Location and layout of grow rooms will drive the design/build of the rest of your cultivation building project. Sketch out potential layouts that will help you to consider all options while helping you to determine if the selected building is suitable for a cultivation building conversion project.

7. Efficient Operation Optimization – The efficient arrangement or utilization of spaces and its function is the most important aspects of a properly designed grow facility. Cautiously consider how plants will move throughout the cannabis cultivation process, build according to the course of cannabis grow cycles and processing to ensure that employee productivity and time are not flushed down the toilet.

8. Existing Structure Proportions – Existing buildings will typically come each with their own unique features some will affect the layout and your vision on how your facility should be ideally laid-out. Proportions, exit and entrances, column grid, plumbing locations, offices are more often than not, in the most ideal location for general daily production. The design phase is an important time to analyze which features will be easy to modify versus what is not and needs to be worked around. There’s a tendency to reuse existing elements such as restrooms or offices with the focused idea of saving only money. Normally it makes more sense to just start with a clean sheet of paper to un-complicate the way in which your grow facility should simply flow. All components should be arranged in their most ideal locations, constructed to current building standards.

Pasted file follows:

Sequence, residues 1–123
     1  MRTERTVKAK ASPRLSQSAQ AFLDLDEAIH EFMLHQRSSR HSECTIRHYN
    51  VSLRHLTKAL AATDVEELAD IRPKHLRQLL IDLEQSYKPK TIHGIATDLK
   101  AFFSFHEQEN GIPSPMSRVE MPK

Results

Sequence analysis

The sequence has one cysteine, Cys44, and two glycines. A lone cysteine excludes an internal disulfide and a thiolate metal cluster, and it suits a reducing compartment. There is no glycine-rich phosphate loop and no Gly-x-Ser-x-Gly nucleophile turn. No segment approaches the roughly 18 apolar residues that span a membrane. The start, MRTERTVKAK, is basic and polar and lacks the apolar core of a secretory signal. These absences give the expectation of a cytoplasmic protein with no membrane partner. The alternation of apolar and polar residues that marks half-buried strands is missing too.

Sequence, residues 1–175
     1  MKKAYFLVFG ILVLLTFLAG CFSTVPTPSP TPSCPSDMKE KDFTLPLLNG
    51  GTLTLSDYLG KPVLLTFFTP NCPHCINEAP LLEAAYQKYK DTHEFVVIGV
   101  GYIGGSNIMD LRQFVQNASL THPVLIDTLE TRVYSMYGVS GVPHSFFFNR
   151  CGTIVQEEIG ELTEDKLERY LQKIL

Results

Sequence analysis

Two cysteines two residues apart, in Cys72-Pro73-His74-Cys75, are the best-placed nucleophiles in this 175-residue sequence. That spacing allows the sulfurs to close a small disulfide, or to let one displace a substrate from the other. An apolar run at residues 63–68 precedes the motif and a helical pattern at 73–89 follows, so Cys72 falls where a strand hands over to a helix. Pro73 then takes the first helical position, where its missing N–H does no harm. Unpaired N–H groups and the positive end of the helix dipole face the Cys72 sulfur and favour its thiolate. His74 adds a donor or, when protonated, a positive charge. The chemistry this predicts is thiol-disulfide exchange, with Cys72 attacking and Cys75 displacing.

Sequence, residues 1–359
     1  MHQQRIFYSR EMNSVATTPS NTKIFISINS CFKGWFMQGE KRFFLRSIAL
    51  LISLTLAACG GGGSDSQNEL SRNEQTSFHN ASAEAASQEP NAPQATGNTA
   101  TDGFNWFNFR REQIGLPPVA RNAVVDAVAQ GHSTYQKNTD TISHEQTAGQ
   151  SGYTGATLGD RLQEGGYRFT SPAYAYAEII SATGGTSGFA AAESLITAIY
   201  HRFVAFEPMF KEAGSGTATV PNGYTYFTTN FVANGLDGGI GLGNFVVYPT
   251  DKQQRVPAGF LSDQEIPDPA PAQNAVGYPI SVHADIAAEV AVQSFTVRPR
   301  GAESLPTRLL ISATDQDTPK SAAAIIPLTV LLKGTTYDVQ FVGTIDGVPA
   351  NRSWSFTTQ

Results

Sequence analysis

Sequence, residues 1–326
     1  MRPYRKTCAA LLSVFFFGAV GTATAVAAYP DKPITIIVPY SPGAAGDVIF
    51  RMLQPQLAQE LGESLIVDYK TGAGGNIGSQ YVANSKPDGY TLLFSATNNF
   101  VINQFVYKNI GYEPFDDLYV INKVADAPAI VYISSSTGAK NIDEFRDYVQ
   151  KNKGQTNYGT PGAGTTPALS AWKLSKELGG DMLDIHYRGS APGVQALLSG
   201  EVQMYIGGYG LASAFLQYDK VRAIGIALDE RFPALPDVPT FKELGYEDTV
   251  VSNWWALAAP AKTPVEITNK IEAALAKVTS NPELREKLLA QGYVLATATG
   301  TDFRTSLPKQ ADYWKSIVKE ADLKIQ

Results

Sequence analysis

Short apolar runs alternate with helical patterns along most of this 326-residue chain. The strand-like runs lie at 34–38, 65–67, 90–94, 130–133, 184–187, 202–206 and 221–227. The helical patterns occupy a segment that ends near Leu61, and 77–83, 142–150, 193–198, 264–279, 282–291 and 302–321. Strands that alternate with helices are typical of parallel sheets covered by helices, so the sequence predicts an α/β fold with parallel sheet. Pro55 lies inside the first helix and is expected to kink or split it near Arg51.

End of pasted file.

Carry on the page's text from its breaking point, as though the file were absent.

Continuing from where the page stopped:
Proceed Understanding the Jurisdiction Process

The jurisdictions that be are still currently sorting out how to regulate the cannabis cultivation industry so be prepared for unforeseen changes! Additionally, cannabis business practices and financial regulations, cannabis facility development will require local jurisdictional planning, engineering and construction permitting approvals before any work starts to the site.